Smokestacks and steeples are the skylines of small nineteenth century cities, and, as they fall victims to time, the city recedes into the landscape. The steeple of the First Baptist Church remained Gloversville New York’s compass pole even after the sanctuary fell vacant and cracks zig-zagged across its brownstone fa├žade. In its absence, the view down South Main Street will seem flat and featureless.

The First Baptist Church was a big city building. Its architect, Henry Franklin Kilburn (1844-1905) of New York City, produced an eclectic mix of patrician Fifth Avenue townhouses, churches for prosperous congregations, and formal public buildings. The son of an Ashfield, Massachusetts shoemaker, Kilburn had returned from a year in the Union Army to study architecture in nearby Northampton, departing for Manhattan in 1869. Even after he established an office at 229 Broadway, he executed many significant commissions in his native Connecticut River Valley, as well in New York City. Most of Kilburn's best-known buildings were designed in the "Richardson Romanesque" style.

Henry Hobson Richardson executed his first commission in 1867 and sprang to fame with Boston's Trinity Church, designed in 1872 and completed in 1877. Richardson's genius included the ability to animate masses of masonry by mixing textures and shades of stone and drawing contrasting horizontal lines with cornices and bands of windows. His most iconic buildings, which mixed Romanesque arches, rough-faced masonry, and elaborate carved patterns, were constructed on the scale of medieval castles and monastaries.

By its creator's death at age 47 in 1886, "Richardson Romanesque" had become the dominant style for large public buildings in the northeast. The New York State Capitol (in collaboration, 1875) and Albany City Hall (1880) are major Richardson commissions a short distance from Gloversville.

Although Richardson actively pursued church commissions, his designs required materials and craftsmanship beyond the means of even well-to-do congregations. Despite his auspicious start with the Trinity commission, just five of his church designs were erected. Albany's All Saints Episcopal Cathedral could have been the sixth. However, the vestrymen selected another architect, and Richardson's design can be admired only as drawings.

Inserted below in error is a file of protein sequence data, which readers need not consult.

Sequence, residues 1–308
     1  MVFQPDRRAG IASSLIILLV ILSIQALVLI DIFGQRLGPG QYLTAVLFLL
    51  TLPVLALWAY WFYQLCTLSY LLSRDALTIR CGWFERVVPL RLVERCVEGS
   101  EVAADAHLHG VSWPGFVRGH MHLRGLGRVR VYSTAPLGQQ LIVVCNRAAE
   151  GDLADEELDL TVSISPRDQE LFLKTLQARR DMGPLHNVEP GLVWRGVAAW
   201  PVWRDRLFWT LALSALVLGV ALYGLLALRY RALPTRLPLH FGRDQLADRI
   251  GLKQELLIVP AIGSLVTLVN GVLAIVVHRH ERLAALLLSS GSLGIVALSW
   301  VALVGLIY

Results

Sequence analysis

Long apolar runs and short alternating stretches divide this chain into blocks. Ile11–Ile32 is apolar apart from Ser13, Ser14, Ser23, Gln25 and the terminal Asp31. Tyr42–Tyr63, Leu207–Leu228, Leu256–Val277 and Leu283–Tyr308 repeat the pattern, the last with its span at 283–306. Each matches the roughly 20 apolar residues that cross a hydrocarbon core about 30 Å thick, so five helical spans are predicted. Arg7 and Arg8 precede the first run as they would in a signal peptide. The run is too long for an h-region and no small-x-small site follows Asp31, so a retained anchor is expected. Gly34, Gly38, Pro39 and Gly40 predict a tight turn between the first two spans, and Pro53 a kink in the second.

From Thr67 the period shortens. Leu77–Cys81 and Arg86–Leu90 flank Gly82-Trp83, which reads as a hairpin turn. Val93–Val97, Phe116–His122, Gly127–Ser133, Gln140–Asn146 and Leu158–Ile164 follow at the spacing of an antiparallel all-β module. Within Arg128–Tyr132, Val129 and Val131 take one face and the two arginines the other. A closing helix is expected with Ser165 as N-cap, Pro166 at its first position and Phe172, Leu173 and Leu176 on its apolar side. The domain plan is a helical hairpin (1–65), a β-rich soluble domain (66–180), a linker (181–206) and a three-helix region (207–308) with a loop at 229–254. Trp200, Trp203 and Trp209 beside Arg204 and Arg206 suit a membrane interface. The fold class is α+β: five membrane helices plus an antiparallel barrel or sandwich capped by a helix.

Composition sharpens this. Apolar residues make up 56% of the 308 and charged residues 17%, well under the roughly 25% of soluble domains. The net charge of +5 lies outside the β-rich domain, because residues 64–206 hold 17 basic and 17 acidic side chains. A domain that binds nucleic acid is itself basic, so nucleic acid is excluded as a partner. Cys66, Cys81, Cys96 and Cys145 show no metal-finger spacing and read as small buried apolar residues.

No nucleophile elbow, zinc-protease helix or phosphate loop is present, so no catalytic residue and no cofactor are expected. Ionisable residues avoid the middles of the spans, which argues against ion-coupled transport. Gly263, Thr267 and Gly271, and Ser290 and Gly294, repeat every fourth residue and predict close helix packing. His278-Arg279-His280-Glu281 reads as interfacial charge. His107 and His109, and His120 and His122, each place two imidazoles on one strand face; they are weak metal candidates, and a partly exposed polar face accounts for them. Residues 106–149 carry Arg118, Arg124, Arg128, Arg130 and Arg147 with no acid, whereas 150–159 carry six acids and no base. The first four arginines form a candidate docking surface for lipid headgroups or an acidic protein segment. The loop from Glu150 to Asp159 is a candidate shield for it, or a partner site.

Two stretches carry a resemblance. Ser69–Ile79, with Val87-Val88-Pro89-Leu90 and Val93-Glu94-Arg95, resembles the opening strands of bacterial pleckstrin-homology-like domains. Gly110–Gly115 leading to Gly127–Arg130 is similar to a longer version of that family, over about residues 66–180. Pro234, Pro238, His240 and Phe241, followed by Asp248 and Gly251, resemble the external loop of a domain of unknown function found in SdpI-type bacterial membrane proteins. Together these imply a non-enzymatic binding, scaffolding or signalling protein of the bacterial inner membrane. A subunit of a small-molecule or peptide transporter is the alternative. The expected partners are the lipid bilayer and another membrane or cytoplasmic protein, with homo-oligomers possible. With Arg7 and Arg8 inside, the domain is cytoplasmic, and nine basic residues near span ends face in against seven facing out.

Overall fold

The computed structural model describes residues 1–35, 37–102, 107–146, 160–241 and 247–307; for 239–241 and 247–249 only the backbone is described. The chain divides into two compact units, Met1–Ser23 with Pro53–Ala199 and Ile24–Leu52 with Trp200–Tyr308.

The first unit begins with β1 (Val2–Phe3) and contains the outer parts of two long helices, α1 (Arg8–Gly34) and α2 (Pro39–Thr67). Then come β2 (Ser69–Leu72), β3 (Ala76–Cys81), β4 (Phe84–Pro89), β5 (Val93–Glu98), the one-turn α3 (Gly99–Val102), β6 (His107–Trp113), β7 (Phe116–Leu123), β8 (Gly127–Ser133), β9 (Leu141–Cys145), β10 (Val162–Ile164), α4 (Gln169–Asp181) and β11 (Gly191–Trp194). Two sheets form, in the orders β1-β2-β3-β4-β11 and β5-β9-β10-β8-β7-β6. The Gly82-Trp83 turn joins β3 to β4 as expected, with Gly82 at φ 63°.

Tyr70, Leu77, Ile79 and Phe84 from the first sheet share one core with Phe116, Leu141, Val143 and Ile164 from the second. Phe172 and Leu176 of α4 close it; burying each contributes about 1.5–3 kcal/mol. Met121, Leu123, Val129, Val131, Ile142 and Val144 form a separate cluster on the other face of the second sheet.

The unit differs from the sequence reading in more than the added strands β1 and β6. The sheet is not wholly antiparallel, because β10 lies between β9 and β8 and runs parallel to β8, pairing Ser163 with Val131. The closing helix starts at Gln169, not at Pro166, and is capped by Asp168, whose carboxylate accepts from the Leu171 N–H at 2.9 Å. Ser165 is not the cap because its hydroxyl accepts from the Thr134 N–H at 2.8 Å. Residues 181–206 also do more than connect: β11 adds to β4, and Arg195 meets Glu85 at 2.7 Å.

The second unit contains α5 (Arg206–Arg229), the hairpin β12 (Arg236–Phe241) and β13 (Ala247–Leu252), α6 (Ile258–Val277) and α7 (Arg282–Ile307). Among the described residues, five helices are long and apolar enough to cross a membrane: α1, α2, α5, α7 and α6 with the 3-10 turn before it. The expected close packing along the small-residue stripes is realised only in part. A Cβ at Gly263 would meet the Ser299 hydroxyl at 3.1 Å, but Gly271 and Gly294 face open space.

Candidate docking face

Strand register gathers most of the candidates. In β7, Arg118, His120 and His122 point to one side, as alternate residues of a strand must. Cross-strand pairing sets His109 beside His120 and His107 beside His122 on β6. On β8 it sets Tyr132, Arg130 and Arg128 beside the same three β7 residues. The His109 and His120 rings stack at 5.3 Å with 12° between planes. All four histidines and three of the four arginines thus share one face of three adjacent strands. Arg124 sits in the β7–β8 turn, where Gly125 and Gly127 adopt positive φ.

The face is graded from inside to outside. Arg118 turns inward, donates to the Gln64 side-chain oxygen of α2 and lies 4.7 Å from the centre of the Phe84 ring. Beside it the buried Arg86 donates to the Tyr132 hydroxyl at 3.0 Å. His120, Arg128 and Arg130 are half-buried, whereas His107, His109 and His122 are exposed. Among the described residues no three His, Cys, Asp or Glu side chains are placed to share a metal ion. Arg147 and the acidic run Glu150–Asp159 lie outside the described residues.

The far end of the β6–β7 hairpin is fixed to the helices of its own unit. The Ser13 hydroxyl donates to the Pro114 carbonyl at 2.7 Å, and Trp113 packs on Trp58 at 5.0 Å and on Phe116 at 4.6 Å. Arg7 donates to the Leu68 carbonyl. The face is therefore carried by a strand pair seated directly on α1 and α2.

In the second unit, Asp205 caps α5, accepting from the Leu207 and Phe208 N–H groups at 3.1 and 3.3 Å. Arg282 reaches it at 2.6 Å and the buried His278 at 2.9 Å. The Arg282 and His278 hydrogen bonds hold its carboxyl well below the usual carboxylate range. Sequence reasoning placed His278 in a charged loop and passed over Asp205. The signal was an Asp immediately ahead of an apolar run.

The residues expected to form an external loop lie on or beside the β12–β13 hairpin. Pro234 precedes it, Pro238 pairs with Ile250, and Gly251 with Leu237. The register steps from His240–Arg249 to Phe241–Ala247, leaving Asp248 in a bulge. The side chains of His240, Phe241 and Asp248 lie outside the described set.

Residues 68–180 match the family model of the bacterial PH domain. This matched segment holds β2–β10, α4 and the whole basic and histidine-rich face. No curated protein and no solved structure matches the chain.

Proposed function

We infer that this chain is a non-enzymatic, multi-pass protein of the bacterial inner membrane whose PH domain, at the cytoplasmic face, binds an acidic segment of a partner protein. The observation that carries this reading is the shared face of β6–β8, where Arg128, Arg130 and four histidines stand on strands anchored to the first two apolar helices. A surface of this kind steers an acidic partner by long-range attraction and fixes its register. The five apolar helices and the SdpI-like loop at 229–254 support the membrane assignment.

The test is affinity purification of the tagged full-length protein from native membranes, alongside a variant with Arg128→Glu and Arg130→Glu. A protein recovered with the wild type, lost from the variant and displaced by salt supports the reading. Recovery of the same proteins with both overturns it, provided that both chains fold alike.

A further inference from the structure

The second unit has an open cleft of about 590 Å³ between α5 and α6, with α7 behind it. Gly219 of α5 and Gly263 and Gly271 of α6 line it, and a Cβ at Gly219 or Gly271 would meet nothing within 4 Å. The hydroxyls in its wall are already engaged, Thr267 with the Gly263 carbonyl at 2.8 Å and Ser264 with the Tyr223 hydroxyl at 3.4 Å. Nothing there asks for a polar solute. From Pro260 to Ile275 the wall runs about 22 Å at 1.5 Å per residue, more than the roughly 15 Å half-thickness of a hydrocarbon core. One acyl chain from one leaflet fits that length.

In the hands of imitators, Richardsonian Romanesque could become both ponderous and incoherent. Prominent Boston architect Ralph Cram assailed faux-Richardsonian buildings as:

A love-feast of cavernous arches, quarry-faced ashlar, cyclopean [keystones], and seaweed decoration the sancrosact style of certain rather barbarous peoples in the south of France at the close of the Dark Ages.

Henry F. Kilburn was a Richardson imitator. His borrowing even extended to the use of “Longmeadow Stone” from the same Massachusetts quarries favored by Richardson. However, as the closeup of the First Baptist Church above shows, he arranged Richardsonian elements with an excellent eye for the interplay of shadow, light, and proportion. Our slideshow below is an autopsy of this now-demolished church as well as a pictural tour of its century-and-quarter on South Main Street.


There is no evidence that Henry F. Kilburn ever collaborated with H.H. Richardson. However, Park Presbyterian Church provides a sort of "Six Degrees of Separation" link. Kilburn's design for Park Presbyterian incorporates an existing chapel by Leopold Eidlitz (1823-1908), a more prominent architect who collaborated with Richardson on the New York State Capitol in the 1870s. It has been suggested that Eidlitz was too busy to expand his original design and steered the commission to KIlburn as a favor to a friend. Kilburn's Mount Moriah Baptist Church at 2050 Fifth Avenue (1887-88), West End Presbyterian Church at Amsterdam Avenue and 105th Street (1890-92), and New York City Landmark-designated Saint James Episcopal Parish House in the Bronx (1892) also show his talents as a designer of ecclesiastical buildings.

Kilburn continued to have an active career until his final illness in the early twentieth century. One of his most charming buildings is a faux-castle overlooking the Hudson River at Tarrytown, New York. Built in 1897 as a 45 room residence, the castle long served as a private school and is now a conference center.